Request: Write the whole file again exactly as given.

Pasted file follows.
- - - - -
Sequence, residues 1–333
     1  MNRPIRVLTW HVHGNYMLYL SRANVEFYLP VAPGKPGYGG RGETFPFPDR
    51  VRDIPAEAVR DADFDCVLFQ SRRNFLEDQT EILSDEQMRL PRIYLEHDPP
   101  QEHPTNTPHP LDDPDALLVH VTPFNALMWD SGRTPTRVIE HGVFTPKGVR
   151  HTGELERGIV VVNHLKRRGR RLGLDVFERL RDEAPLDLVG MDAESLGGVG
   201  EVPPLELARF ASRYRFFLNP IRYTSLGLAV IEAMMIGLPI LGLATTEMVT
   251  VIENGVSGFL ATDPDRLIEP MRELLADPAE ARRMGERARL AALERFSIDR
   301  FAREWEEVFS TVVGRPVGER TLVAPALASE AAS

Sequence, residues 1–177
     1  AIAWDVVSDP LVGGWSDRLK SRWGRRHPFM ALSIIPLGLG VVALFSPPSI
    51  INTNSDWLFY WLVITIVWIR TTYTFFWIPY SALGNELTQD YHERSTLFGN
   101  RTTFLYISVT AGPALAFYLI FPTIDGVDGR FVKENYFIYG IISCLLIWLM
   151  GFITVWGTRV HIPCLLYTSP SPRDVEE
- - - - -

Sequence, residues 1–333
     1  MNRPIRVLTW HVHGNYMLYL SRANVEFYLP VAPGKPGYGG RGETFPFPDR
    51  VRDIPAEAVR DADFDCVLFQ SRRNFLEDQT EILSDEQMRL PRIYLEHDPP
   101  QEHPTNTPHP LDDPDALLVH VTPFNALMWD SGRTPTRVIE HGVFTPKGVR
   151  HTGELERGIV VVNHLKRRGR RLGLDVFERL RDEAPLDLVG MDAESLGGVG
   201  EVPPLELARF ASRYRFFLNP IRYTSLGLAV IEAMMIGLPI LGLATTEMVT
   251  VIENGVSGFL ATDPDRLIEP MRELLADPAE ARRMGERARL AALERFSIDR
   301  FAREWEEVFS TVVGRPVGER TLVAPALASE AAS

Sequence, residues 1–177
     1  AIAWDVVSDP LVGGWSDRLK SRWGRRHPFM ALSIIPLGLG VVALFSPPSI
    51  INTNSDWLFY WLVITIVWIR TTYTFFWIPY SALGNELTQD YHERSTLFGN
   101  RTTFLYISVT AGPALAFYLI FPTIDGVDGR FVKENYFIYG IISCLLIWLM
   151  GFITVWGTRV HIPCLLYTSP SPRDVEE